According to Hardy, growing up African-American left him all-too-familiar with how harmful — and deeply, emotionally wounding — some stereotypes can be and how it can often be difficult not to carry them through life. The notion that Muslims are dangerous — and that non-Muslims should fear them — hits Hardy the same way.

"Once you're labeled something, you begin to think, 'OK, is there any truth to this?' You have to question yourself, and be stronger than that, and know, 'OK, that's not who I am.'"

That's why, for Hardy, the decision to support Sofia and her mom is not just an obligation that comes along with having served.

"I think it's an American duty," he said.

Lt. Cmdr. Montel Williams (retired)

"Were anyone to try to force your daughter, an American citizen, to leave this country on the basis of her faith, my oath would require me to act," the talk show host wrote on Facebook.

Unbeknownst to many who watch him on TV, Williams served 22 years between the Marines and the Navy — retiring with the rank of lieutenant commander — and remains an active, vocal supporter of veterans' causes to this day.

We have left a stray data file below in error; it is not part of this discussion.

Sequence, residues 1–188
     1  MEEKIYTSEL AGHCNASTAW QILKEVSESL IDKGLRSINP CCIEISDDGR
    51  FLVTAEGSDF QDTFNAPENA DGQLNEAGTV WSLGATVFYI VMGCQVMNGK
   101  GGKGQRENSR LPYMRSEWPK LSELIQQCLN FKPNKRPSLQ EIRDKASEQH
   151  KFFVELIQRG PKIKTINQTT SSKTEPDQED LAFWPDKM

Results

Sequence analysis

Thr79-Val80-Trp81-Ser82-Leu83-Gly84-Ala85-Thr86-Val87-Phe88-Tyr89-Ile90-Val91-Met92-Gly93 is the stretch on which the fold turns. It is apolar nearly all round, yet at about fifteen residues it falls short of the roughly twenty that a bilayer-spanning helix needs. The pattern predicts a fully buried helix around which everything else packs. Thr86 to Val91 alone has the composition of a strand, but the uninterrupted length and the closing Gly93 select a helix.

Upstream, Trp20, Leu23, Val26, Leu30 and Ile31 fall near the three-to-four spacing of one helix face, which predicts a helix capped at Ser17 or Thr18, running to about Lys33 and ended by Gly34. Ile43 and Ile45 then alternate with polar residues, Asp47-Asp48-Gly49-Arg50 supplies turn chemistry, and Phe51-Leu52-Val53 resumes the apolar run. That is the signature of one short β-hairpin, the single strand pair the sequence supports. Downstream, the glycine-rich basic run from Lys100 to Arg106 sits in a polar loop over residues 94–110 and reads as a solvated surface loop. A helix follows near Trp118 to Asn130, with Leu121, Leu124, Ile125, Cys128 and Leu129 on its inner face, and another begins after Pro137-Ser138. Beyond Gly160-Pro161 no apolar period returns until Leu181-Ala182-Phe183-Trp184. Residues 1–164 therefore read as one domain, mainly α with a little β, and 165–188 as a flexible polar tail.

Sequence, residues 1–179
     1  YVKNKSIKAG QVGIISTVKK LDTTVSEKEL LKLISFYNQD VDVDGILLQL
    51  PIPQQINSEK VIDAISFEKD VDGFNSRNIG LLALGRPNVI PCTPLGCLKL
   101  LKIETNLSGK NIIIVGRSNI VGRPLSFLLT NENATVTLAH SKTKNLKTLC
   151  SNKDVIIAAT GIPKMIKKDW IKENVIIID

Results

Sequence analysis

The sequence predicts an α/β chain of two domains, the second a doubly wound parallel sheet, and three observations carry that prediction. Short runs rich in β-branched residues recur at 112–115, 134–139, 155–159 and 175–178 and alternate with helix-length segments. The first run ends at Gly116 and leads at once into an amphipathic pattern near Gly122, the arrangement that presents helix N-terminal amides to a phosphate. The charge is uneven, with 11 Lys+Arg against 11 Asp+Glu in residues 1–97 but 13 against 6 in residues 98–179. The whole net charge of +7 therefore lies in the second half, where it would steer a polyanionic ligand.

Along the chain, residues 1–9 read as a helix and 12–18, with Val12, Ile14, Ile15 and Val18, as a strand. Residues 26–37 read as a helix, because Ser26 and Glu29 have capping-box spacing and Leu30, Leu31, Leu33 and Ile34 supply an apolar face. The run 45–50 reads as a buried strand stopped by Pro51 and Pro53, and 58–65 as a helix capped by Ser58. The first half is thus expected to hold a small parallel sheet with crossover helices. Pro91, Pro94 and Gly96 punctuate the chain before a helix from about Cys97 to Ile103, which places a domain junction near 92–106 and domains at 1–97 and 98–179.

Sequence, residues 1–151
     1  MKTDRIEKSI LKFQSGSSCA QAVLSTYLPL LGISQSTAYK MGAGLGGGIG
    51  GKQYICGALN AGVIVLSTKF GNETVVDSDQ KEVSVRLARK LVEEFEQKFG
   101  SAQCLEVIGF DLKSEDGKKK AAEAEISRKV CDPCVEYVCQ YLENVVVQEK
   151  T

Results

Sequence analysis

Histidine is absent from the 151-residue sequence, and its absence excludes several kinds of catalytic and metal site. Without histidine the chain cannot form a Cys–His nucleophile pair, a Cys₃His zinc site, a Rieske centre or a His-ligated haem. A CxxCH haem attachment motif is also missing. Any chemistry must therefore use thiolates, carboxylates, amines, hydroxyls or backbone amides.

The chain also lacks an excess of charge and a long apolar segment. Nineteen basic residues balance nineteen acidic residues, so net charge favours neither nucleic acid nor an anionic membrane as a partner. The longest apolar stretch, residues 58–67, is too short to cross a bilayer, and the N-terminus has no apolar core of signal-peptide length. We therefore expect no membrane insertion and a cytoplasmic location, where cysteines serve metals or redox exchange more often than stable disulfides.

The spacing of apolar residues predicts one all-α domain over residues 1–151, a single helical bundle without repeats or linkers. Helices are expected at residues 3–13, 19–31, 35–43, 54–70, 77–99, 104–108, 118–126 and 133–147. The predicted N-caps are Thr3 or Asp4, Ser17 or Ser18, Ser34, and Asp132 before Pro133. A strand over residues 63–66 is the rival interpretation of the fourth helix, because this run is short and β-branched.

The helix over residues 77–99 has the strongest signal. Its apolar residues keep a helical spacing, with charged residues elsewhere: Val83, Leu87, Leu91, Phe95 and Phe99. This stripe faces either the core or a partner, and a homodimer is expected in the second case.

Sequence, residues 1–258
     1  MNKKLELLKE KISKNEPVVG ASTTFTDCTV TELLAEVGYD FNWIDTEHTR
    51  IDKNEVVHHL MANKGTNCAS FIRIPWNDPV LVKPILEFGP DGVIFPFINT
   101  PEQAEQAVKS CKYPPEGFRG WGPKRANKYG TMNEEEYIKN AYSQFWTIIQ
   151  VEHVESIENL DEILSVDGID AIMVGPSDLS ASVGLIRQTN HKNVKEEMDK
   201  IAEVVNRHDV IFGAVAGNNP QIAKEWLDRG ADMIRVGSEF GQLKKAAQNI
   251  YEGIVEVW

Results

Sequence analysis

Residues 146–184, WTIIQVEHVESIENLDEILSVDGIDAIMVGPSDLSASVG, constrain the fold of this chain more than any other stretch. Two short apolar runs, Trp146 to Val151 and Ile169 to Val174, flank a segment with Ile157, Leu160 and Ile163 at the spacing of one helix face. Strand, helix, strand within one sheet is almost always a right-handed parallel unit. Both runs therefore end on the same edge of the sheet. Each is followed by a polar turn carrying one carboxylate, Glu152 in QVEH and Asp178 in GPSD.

Yes, that's Montel Williams. Photo via Montel Williams/Facebook., used with permission.

"Members of the military aren't given a choice who they protect, of what faith, what race, what sexual orientation, whatever," Jonathan Franks, a spokesperson for Williams told Upworthy.

According to Franks, Williams is heavily involved with a campaign to secure the release of Amir Hekmati — an American citizen currently being held in Iran — and believes anti-Muslim bigotry from Donald Trump and others shows the kind of distrust that makes progress on such issues difficult.

"We're not going to solve a whole lot of problems by alienating people in the Muslim community," Franks said.

Patrick Brandt

"No one will be coming for you, so long as I breathe," Brandt, a former paratrooper who served two tours in Iraq, wrote on Facebook.


Photo by Patrick Brandt/Facebook, used with permission.

In addition to showing Sofia support, Brandt was moved to post #iwillprotectyou to help rebuke the Islamophobic sentiments that he believes are distressingly common among some of his fellow veterans.